Bhagan established the Namgyal Dynasty in 1460 after forming an alliance with the people of Leh. He took the title of “Namgyal” which means victorious.
Owing to its strategic location, Ladakh was constantly under the radar of the Muslim rulers of central Asia. King Tashi Namgyal (1555-1575 AD) managed to counteract the foreign attacks successfully. The next ruler, Tsewang Namgyal was one of Ladakh’s most prominent rulers who extended his kingdom as far as Nepal.
Tsewang Namgyal was succeeded by Jamyang Namgyal. He faced several rebellions from the local chieftains. Finally, he was defeated by Ali Mir, the Chief of Skardo. Jamyang Namgyal was then taken to Skardo in confinement. While in captivity, he fell in love with Princess Gyal Khatun, the daughter of Ali Mir and later married her. Because of the alliance, he was able to return back to Ladakh. It is often believed that Gyal Khatun was the main patron of the Cham Chung Temple.
After the death of Namgyal, Gyal Khatun took active part in the running of the kingdom till her son Sengge Namgyal ascended the throne. Sengge was one of the successful military rulers of Basgo who was able to restore the kingdom to its former glory. He extended his kingdom to Guge, Purang, Zanskar and Spiti. He was also responsible for the construction of several monasteries, the famous ones being Hemis Monastery and Hanle Monastery. Most of the constructions of Basgo including the temple complex and the fort were carried out during the period of Jamyang Namgyal and Sengee Namgyal. Senge Namgyal also commissioned the two-storey high statue of the Maitreya in the Serzang Temple.
Reign of Sengge Namgyal
However, Sengge Namgyal later shifted his capital to Leh, and Basgo gradually lost its former glory and political position. Finally with the arrival of Dogra General Zorawar Singh from Kashmir in 1834, Basgo totally lost its sheen. The army of General Zorawar Singh captured and pillaged Basgo fort leading to its decline. Now, only three temples survive along with several ruins bearing a testimony to 400 years of Ladakhi history.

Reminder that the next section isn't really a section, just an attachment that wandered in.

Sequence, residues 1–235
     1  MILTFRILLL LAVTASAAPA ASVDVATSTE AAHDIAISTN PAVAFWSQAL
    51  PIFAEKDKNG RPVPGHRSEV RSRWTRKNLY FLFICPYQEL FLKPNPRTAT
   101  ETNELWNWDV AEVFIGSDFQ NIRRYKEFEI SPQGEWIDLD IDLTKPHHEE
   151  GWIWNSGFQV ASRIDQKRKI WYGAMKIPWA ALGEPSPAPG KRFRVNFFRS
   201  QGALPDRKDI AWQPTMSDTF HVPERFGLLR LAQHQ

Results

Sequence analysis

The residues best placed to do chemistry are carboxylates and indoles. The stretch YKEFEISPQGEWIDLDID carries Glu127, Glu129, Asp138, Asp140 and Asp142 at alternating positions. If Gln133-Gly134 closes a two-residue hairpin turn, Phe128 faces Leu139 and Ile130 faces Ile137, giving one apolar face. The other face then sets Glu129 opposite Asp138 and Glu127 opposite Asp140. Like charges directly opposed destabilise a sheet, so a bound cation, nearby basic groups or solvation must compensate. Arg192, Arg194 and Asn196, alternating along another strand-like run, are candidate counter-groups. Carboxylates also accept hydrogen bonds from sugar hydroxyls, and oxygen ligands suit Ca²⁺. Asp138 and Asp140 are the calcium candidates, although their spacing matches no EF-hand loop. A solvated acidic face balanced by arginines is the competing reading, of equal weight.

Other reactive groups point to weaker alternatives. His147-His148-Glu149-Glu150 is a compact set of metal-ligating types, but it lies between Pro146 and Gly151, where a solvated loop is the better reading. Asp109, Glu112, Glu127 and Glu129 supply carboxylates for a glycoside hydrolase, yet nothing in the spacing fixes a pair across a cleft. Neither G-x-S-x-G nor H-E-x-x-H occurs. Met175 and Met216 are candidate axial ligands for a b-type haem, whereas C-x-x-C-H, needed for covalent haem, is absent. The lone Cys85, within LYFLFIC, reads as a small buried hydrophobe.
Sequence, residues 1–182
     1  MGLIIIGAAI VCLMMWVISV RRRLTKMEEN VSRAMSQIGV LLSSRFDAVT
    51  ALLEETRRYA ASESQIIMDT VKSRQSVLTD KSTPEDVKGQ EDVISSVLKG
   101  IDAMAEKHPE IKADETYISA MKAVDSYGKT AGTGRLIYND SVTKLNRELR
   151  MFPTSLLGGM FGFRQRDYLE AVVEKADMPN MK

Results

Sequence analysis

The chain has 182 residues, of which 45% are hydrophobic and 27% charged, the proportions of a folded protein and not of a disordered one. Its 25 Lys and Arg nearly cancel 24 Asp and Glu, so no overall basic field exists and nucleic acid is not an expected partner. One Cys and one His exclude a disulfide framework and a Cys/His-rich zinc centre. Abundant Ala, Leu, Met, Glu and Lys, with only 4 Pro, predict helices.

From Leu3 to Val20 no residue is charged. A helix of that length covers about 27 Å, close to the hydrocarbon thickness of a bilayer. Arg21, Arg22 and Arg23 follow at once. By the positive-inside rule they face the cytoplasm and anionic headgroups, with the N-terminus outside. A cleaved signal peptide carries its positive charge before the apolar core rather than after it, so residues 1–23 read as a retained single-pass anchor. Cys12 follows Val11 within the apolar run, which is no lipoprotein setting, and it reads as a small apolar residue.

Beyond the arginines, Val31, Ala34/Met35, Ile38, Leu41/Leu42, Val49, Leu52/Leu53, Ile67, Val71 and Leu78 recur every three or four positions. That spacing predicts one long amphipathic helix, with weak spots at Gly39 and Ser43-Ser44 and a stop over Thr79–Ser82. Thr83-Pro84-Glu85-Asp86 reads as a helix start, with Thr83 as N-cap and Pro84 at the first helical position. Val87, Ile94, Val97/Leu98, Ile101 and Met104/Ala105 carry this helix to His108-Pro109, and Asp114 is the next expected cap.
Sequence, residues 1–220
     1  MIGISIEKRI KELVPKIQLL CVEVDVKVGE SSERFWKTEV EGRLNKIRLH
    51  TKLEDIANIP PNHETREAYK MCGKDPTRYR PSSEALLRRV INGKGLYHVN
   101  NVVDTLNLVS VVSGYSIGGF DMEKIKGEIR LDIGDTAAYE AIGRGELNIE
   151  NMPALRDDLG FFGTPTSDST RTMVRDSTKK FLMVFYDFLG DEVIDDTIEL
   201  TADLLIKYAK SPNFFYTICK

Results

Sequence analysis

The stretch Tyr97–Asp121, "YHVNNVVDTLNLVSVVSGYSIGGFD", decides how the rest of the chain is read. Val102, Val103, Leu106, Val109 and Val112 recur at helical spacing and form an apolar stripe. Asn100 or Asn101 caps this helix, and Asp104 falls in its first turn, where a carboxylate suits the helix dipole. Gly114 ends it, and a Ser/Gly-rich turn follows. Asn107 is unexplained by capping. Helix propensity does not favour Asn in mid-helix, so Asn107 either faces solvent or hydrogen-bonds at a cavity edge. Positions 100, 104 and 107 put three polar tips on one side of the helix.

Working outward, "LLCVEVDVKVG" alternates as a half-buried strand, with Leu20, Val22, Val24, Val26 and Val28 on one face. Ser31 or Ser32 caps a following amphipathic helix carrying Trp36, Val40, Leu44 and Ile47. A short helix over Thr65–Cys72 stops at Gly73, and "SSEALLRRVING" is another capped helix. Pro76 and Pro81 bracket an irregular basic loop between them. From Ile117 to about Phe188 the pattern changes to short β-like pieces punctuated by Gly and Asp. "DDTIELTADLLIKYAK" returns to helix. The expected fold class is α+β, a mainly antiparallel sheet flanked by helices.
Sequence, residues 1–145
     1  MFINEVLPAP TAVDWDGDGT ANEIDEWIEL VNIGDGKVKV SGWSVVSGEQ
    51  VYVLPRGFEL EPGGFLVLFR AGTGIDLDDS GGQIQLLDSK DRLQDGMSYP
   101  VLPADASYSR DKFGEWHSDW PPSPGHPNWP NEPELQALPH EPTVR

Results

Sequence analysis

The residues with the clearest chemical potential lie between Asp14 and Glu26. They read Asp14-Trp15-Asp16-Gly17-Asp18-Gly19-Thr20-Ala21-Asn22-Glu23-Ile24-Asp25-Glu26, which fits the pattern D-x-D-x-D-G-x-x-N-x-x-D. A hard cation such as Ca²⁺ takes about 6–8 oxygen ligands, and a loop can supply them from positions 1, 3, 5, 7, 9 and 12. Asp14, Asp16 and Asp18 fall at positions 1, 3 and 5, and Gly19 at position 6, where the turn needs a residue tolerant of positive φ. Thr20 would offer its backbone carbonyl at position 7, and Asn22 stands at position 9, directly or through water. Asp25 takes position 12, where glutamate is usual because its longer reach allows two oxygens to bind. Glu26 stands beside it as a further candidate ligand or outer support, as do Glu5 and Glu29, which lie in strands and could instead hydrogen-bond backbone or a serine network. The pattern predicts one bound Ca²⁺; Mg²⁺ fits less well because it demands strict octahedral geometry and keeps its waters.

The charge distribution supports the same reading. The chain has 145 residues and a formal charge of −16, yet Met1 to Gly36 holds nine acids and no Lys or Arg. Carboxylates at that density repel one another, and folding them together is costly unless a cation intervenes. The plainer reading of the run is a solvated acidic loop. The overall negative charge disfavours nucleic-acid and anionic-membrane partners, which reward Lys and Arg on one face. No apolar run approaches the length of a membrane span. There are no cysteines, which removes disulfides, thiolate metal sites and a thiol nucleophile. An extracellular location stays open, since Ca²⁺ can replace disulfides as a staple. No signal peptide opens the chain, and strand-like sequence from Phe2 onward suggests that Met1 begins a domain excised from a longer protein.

Basgo Monastery consists of the ruins of Basgo Fort (Khar), ruins of the royal palace and its quarters and the temples. There are 3 temples that have been restored – all 2 worth visiting.
- Chamba Temple or Chamba Lhakhang
- Serzang Temple
- Cham Chung Temple
Unfortunately for us, when we visited the Basgo complex, the main temples of Chamba Lhakhang and Serzang Temple were closed because of renovation work. We were quite disappointed. We requested the monk who was present there, but nothing could be done. Usually, if the monk had the key, he would have opened it for us. It happened in many other places. But here, the caretaker had already left with the keys. It was also late and it was not possible for him to go get the keys. Disappointed, but not disheartened, we went around to explore the rest of the place.
Architecture of the Basgo Fort
The Basgo Fort is now in total ruins. Once upon a time, in its glorious days, Basgo Fort was a self-sufficient township with the capacity to withhold a siege almost indefinitely. This was proven during the 1680s, when the Ladakhi forces at Basgo Fort held the invading Tibetan army for 3 long years!
There are a series of watchtowers standing at strategically highest points of the landscape. There was also a wall all around the perimeter of the Basgo fort. Only some sections of the walls are standing today.
The eastern part of the fort complex has the ruins of the royal palace and it was further isolated by another wall. The palace was multi-storeyed. The fort also had granaries and a perennial water source in the mountains.
Very little remains of both the royal palace and Basgo Fort. We could see the empty walls, falling staircases and rubble around the royal palace. The brown structures seem to be falling down. But even in this crumbling state, the Basgo Fort looked formidable. The geography of the place definitely plays an important part for the invincible and impressive look of the fort.
Temples of Basgo Monastery
The structures that have survived and have been renovated are the three Maitreya Temples. The first temple is situated to the right of the open courtyard and is the Serzang Temple. Chamba Lhakhang stands above and can be reached by a flight of steps. And the Cham Chung Temple lies at a corner of the courtyard.
Unable to visit the Chamba Lhakhang and the Serzang Temple, we headed towards the backside of the courtyard. Fortunately, the Cham Chung Temple was open and we went to explore the small temple.
Cham Chung Temple